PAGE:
The members of the celebrated ska/punk/everything else band Los de Abajo may hail from the streets of Mexico City, but their sound is so wild and all-encompassing (they’ll incorporate just about any style of music that’ll get the crowd jumping), they could be from anywhere. Formed in 1992, they had already become a cult phenomenon in their own country before a demo sent to Luaka Bop in New York City caught the ear of label owner David Byrne, who, after flying down to Mexico to catch the group in concert, signed them up.
Los de Abajo’s first two albums—and especially their stirring live performances, comparable in energy and infectious party vibe to ’80s funk-ska-rockers Fishbone—launched the group into the world’s consciousness, permitting them to tour throughout Europe and Asia. Their second album, 2002’s Cybertropic Chilango Power won the BBC Radio 3 Award for World Music from the Americas in 2003. North of their own native border, though, their profile’s remained relatively low. The cultural border between the two nations may be even more porous than its physical/geographical equivalent, but the group is still better known across the ocean than in the U.S.
LDA V The Lunatics, produced by Temple of Sound’s Neil Sparkes and Count Dubulah, was released in early February on Peter Gabriel’s RealWorld label. The first track, "Resistencia,” makes explicit reference to the guerrilla movement that’s been battling the Mexican government for years. A Zapatista leader, Commander Esther, is heard on tape, discussing the necessity of standing up to unjust leadership.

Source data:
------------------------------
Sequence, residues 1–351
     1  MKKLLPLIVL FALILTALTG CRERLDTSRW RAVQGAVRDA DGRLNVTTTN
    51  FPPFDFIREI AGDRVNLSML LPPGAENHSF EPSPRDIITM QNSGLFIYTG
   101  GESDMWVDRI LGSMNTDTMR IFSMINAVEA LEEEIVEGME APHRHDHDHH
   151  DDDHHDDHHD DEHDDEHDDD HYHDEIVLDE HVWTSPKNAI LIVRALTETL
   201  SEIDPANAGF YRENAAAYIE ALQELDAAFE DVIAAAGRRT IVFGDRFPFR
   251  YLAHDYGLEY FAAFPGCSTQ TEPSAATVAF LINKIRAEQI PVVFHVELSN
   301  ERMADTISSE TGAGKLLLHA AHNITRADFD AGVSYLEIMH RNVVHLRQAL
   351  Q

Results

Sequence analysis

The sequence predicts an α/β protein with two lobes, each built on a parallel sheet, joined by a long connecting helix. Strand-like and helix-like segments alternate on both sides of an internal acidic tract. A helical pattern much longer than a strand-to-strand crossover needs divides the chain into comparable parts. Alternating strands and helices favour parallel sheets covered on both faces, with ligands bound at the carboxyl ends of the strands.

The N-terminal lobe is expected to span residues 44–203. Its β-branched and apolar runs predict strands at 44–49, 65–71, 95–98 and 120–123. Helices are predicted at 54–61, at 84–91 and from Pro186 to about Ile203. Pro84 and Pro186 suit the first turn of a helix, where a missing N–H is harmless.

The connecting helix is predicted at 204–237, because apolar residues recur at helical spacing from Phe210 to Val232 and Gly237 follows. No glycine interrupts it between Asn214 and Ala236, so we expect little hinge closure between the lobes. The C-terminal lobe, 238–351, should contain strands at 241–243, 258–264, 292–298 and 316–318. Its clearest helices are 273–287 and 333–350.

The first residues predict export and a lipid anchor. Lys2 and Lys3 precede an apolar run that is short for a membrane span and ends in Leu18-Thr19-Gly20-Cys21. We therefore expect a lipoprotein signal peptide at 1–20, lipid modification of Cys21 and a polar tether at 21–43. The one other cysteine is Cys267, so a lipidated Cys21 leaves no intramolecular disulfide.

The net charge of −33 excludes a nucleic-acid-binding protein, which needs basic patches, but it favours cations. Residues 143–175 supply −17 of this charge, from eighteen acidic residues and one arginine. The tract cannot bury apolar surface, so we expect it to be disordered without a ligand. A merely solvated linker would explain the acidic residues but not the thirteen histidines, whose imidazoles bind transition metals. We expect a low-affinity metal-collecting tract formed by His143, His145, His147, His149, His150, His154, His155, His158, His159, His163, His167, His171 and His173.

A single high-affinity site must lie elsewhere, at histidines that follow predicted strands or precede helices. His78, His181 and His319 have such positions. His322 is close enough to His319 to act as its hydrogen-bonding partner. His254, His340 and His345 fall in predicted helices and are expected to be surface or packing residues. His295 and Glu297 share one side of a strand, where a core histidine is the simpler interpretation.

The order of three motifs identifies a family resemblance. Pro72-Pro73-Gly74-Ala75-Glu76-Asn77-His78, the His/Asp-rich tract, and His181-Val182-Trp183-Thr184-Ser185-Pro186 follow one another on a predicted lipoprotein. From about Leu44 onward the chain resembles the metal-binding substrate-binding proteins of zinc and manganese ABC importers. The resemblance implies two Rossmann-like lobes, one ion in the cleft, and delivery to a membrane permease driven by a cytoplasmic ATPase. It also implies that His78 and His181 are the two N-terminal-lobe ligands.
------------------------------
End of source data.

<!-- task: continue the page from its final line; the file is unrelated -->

"That song reflects the sentiments most young people are having today,” explains vocalist Líber Terán, who is also the primary lyricist for the band. “We don’t believe in politicians. We don’t trust our institutions. While there is a definite sense of pessimism on the streets, the song talks about standing up for your rights, fighting—non-violently, of course—for what you believe in every day, to try to make things better.”
LDA’s lyrics have evolved over the course of their three studio albums. “By the time we had recorded Cypertropic we were already ‘growing up’ as individuals and as a group. We all had different personal experiences; the band collectively as well,” Terán explains. “So I started writing about love and sadness, our personal stories, and other issues. But it is still important for us to talk about political and social issues, especially in Mexico.”
"Tu Calor,” a love song, demonstrates how the band’s vision of the world has enlarged since some of its members have gotten married and started their own families. “It reflects a feeling that anybody could have, talking about the love for one another, or God, or a special spiritual force you may be seeking during a difficult moment,” says Terán.
Just as LDA’s lyrics have taken on new dimensions as the band continues to travel the world—26 countries, at last count—so has their music. The group throws all sorts of sounds and rhythms into it, including ska, reggae, rock, salsa, polka, cumbia and more, often cutting and pasting different styles within the same song. Its band members coined the phrase “tropipunk” to describe their zesty, eclectic approach. LDA V The Lunatics is their most sonically expansive disc yet, featuring guest appearances by vocalists Neville Staples and Natacha Atlas, bonus horn players (augmenting the band’s own section), and strings on “Sombras,” to name but a few additions to their already almost overstuffed sound. In a blatant nod to their roots in second-wave ska, the album contains two versions of Fun Boy Three’s “The Lunatics (Have Taken Over The Asylum),” one in English and one in Spanish.
The “official bootleg” album Complete And Live (L.A./04), a two-CD set released in early 2005 on Kufala Records, not only captures the band’s dynamic stage performances, but also documents it